Indonesian-Born Miklos Sunario Tells UN Forum AI Changes Education Definition
Jakarta. Miklos Sunario, the founder of education tech startup EduBeyond, said in a recent forum at the United Nations headquarters in New York that the use of artificial intelligence could change the definition of education from what we think it is today.
The Indonesian-born entrepreneur said that the old-school education system uses a similar approach for students with different needs and capabilities.
During the Jan. 31 UN forum, he identified the first crisis in education as “this idea that education is one-size-fits-all”.
“Whether you belong to the 2.3 percent who have a learning disability, or the 80 percent who find school disengaging and boring, the school has become a less so of an education, but more so of a certification,” Miklos said at the UN Economic and Social Council (ECOSOC) Partnership Forum in New York representing his company.
“However, with the latest technologies, education can be personalized to maximize actual, interesting learning," said the 19-year-old.
The first issue led to the second crisis, as he quoted an estimate that 31.9 percent of high school students experience some form of anxiety disorder due to the conformity of the learning system.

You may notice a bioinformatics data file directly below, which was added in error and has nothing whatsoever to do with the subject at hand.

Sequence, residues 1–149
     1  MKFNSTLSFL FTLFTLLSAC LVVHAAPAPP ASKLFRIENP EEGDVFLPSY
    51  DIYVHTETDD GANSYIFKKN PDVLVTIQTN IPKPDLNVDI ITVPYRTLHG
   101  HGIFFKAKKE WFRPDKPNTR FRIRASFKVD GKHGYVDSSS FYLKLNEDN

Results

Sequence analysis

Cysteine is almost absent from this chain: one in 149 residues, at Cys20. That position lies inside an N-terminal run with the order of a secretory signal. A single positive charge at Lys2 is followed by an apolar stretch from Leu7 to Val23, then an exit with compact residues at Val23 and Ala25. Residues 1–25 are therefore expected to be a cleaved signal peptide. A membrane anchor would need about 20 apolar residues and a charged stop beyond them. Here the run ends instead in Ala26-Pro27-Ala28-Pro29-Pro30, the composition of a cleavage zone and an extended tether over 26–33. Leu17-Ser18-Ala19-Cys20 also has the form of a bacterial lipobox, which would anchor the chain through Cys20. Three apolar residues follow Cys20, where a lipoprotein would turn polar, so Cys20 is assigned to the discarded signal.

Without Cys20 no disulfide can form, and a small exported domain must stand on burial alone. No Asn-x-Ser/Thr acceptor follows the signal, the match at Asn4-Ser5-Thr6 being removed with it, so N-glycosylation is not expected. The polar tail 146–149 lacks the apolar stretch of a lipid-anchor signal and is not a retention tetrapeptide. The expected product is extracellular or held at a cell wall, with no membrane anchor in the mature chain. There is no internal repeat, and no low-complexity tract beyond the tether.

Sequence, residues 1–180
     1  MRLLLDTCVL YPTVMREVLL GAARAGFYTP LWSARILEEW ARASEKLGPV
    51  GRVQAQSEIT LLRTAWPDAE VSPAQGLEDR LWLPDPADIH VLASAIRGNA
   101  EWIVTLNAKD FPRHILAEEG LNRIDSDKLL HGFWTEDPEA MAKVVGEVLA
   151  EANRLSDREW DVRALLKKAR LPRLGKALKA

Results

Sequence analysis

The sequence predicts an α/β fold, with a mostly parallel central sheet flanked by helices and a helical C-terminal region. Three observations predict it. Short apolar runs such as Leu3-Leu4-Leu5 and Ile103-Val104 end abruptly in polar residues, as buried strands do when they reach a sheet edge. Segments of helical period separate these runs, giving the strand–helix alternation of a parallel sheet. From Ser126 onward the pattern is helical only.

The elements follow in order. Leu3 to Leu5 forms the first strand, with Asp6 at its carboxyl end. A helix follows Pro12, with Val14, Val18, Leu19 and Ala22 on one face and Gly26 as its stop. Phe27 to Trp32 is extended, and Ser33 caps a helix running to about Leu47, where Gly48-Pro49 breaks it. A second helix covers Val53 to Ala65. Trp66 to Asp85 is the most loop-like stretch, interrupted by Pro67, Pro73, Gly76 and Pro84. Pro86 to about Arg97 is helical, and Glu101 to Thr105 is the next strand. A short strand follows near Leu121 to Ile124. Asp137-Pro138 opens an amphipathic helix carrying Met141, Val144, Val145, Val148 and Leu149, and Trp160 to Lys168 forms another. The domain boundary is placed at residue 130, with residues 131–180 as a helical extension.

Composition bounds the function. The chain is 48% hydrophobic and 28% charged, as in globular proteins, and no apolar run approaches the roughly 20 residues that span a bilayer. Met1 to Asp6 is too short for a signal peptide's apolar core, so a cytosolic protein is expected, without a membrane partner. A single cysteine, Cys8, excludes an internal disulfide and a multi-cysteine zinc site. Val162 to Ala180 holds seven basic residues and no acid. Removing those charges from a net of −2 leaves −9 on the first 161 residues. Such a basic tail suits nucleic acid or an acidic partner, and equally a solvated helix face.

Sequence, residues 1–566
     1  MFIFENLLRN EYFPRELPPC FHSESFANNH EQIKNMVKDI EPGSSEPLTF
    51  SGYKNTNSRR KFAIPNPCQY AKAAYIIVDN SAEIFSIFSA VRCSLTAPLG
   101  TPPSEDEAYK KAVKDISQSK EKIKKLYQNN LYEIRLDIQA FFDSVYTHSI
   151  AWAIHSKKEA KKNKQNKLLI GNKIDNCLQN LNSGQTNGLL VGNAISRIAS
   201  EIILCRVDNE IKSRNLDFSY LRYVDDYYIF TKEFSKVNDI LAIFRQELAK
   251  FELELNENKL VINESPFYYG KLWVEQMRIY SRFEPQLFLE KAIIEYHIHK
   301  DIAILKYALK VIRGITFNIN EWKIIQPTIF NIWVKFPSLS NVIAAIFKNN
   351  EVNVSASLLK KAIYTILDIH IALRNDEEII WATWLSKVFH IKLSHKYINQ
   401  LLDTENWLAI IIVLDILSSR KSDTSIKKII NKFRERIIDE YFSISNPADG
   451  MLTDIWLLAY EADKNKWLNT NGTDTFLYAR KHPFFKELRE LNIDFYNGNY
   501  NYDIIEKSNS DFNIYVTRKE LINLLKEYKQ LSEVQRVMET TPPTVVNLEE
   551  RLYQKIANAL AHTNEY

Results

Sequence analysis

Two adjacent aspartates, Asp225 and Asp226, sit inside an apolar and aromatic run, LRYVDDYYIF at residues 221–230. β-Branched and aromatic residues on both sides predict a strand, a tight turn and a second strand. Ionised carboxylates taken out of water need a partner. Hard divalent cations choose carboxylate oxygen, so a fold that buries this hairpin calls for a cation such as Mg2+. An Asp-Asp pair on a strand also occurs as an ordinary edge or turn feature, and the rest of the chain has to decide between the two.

Miklos, who currently lives in Canada, said AI could help tackle the issue by personalization in the education system that “could change people’s lives”.
These two problems are persistent because most people think that education is not of their concern.
“With the digitization of education, it has become possible to identify talents at a much younger age and thus upskill these individuals with our AI technology,” he said.
With the digitization in education, even the definition of education itself has changed, Miklos said.
On his Linkedin account, Miklos said he is honored to be given a chance to speak at a UN forum.
“This has been undoubtedly one of the most momentous (and nerve-wracking) experiences of my life. This speech being the first time I've spoken at the UN, I didn't even know we could simply read our prepared statements!” he wrote.
“To even receive applause in the end was truly humbling and gratifying, and I am so grateful to have had this opportunity.”
Miklos' EduBeyond has recently won an international award in a competition involving more than 1,500 startups from 85 countries.Tags: